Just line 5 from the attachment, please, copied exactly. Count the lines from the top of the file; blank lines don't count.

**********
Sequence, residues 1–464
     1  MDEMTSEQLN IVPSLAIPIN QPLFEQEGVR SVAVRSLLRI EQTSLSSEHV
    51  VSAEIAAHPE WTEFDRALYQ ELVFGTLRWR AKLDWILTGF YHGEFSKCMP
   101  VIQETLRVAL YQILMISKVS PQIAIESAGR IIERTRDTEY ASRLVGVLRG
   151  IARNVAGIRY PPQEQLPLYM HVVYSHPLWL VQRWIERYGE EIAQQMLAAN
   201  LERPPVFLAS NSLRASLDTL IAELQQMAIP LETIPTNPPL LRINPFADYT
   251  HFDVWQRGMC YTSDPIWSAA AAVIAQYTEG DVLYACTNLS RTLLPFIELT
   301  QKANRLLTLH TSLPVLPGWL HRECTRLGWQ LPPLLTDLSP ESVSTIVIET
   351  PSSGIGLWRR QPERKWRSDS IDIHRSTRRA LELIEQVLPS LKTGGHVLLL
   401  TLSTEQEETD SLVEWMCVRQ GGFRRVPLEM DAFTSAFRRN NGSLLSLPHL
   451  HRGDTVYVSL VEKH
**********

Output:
   151  IARNVAGIRY PPQEQLPLYM HVVYSHPLWL VQRWIERYGE EIAQQMLAAN